Biologycollegeentriesgrow

Melanie Evans

This year it’s first come, first serve for freshmen applying to the College of Biological Sciences.
The college, which admitted its first freshmen class in fall 1997, has become a popular option for prospective students — so popular, in fact, that the college has yet to finish opening applications received prior to the Dec. 15 guaranteed admission deadline.
As a result, the University is now re-routing all further applicants to the College of Liberal Arts’ pre-biology program.
At last count, 537 applications had poured into the college prior to the mid-December deadline. Under the early application guidelines, any student who meets the required admissions standards and turns in their application on time is guaranteed admission.
As of Jan. 5, the college mailed acceptance letters to 388 students, a number that far exceeds the expected target cut-off of 100.
“We definitely honor (the deadline),” said Wayne Sigler, director of the University Office of Admissions. “We’ve now, however, closed off admissions for people applying after that deadline.”
The unexpectedly high number of early applicants has administrators both thrilled and scurrying to prepare for the possible students.
Kathryn Hanna, assistant dean at the college, said the enthusiastic response is a sign of increased student interest in biology and the strong reputation of the college’s faculty and undergraduate program.
In turn, faculty members are pleased with the aptitude and enthusiasm of the new students, said Dr. David Tilman, a Distinguished McKnight University Professor in the College of Biological Sciences.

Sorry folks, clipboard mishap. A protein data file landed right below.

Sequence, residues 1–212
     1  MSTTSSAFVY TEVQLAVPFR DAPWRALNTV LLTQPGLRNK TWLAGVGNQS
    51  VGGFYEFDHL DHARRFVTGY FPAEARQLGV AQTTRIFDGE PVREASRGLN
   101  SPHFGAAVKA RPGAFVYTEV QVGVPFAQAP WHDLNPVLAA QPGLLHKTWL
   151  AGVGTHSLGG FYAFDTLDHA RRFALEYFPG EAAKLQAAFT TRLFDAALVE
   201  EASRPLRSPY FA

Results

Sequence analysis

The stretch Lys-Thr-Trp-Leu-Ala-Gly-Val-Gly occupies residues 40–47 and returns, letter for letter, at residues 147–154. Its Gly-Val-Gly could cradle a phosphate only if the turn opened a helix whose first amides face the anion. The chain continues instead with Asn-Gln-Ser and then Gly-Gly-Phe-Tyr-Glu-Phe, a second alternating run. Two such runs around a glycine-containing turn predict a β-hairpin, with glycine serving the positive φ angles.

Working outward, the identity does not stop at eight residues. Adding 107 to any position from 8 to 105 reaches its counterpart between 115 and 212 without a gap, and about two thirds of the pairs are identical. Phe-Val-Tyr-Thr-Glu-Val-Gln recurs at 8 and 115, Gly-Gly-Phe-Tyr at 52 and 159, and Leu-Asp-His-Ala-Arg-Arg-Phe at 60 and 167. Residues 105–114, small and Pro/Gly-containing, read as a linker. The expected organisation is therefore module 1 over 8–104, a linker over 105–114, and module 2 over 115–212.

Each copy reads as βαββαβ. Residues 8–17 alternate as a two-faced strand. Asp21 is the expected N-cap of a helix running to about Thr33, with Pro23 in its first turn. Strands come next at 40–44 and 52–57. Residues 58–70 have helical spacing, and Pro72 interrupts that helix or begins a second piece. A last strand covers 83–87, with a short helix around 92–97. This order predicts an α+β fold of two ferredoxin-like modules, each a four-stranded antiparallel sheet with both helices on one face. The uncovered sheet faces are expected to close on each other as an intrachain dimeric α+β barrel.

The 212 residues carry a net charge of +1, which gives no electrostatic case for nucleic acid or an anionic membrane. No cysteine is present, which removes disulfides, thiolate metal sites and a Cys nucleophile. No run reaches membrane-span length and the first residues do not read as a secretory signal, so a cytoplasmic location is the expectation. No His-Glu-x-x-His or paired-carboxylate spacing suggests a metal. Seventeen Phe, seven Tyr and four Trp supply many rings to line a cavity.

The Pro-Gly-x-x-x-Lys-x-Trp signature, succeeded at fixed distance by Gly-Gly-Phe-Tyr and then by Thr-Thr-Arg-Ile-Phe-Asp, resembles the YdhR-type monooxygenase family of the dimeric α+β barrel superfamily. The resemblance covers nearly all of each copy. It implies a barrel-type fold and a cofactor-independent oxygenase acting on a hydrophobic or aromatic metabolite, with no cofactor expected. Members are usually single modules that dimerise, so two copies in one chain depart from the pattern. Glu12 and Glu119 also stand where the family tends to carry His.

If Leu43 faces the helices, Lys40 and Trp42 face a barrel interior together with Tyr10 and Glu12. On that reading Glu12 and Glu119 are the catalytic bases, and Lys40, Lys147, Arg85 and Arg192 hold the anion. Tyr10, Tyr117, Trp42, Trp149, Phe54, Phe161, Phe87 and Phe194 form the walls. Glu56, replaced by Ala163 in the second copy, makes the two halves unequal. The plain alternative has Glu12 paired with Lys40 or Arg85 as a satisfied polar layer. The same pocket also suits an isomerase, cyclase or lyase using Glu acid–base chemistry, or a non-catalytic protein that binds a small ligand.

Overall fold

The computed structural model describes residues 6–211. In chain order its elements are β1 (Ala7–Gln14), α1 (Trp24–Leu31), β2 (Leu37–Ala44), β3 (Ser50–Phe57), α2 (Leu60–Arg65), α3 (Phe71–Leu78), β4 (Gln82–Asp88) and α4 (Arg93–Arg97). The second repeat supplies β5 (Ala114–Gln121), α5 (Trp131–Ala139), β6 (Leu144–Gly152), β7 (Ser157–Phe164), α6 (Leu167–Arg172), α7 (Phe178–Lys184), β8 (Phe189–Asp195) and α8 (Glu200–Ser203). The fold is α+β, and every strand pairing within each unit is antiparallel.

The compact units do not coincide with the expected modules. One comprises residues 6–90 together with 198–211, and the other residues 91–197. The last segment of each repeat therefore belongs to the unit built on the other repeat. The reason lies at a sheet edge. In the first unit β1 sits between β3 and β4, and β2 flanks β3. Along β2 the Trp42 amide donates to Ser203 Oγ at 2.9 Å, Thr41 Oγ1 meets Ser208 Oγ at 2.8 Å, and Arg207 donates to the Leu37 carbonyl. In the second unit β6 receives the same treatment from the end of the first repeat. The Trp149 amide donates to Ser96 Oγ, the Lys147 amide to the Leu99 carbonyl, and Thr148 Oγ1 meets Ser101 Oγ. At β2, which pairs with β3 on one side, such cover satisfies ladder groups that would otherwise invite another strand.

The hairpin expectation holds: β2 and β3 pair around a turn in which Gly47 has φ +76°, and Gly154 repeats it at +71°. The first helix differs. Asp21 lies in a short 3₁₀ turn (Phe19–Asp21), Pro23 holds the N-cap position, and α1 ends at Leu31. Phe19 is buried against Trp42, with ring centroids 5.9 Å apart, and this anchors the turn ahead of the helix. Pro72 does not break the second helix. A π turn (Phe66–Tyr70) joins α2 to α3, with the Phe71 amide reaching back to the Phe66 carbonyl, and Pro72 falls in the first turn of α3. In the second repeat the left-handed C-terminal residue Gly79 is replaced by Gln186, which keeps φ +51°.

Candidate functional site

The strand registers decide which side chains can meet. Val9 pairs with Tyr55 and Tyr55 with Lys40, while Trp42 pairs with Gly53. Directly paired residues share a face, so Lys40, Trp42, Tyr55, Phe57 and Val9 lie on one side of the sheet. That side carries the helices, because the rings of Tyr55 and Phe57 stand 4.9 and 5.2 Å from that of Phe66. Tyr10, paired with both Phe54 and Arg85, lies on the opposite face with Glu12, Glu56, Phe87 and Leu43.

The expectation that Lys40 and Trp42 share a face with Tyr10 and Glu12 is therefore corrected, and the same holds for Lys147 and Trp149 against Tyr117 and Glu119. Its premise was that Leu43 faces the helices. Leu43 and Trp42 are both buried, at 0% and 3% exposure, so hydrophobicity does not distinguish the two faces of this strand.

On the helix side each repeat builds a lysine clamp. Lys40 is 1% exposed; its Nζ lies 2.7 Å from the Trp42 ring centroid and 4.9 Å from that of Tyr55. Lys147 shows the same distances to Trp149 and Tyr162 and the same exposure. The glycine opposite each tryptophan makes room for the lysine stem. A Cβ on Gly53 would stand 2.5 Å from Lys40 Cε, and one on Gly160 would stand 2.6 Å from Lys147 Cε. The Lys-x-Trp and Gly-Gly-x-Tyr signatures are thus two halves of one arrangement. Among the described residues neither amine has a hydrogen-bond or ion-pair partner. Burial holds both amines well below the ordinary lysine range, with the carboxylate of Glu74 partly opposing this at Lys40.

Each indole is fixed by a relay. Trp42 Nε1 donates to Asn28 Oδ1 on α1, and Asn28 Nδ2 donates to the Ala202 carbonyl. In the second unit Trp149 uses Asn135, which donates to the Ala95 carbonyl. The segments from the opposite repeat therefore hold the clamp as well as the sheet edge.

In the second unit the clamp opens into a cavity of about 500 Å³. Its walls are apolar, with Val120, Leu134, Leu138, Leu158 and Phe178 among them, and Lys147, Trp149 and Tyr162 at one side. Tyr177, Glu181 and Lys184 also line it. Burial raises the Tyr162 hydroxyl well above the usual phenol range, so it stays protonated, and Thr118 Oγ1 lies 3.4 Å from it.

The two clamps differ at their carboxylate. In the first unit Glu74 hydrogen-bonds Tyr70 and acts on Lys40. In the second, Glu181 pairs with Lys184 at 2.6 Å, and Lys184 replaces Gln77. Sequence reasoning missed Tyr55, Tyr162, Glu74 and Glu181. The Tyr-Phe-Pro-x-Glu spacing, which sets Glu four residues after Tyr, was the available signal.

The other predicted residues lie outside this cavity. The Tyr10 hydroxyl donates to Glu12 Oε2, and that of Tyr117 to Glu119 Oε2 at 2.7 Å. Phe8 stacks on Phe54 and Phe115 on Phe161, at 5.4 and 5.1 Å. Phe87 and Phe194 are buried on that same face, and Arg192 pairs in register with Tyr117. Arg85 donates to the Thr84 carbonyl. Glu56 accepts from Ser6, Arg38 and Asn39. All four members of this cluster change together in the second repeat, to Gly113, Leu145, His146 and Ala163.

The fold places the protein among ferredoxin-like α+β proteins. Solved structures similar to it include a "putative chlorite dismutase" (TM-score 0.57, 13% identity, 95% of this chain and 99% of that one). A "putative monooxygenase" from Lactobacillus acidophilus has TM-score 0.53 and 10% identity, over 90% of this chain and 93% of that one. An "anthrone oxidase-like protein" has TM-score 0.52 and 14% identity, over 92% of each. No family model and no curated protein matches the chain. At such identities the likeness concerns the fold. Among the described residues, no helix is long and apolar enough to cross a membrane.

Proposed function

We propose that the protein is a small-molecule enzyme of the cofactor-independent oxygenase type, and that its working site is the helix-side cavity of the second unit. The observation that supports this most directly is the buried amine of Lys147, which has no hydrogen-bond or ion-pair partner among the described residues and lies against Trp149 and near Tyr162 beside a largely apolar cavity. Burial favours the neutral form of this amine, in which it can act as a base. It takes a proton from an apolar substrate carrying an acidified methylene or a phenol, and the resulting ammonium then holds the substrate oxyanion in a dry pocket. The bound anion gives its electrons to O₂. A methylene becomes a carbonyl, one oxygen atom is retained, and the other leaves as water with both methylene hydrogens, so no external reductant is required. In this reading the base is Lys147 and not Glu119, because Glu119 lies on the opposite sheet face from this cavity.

Record-high achievement scores accompany the new applicants. The prospective freshmen’s average aptitude rating — the high school percentile rank plus two times their ACT composite score — ranks a close third behind the Carlson School of Management and the Institute of Technology.
Tilman was chairman of the college’s undergraduate profile committee, a group that met at the request of College of Biological Science Dean Robert Elde.
The group worked through January to find ways to best accommodate the incoming class based on the tremendous demand for the program and the faculty’s practical ability to meet that demand, Tilman said.
More one-on-one contact with freshman and more classes were among the faculty’s final recommendations.
Tilman said he expects more applications to follow as students from around the state and nation begin to recognize what the college has to offer. Tilman added that he expects the program will become more competitive as well.
Although an increase in course offerings to accommodate more students would place more demands on the college’s professors, Hanna said she anticipates the pressure will be somewhat relieved by University President Mark Yudof’s molecular and cellular biology initiative.
Support of molecular and cellular biology is one of four focal points in Yudof’s 1998 capital budget request.
“We’re anticipating more teaching power within the college as part of the president’s new initiative,” Hanna said.
Kathleen Peterson, the college’s senior academic adviser, said advisers and faculty members are working to make the college an excellent academic home for new students.
She added that next year’s class can expect strong backing from the faculty and advisers, who are all trained biologists.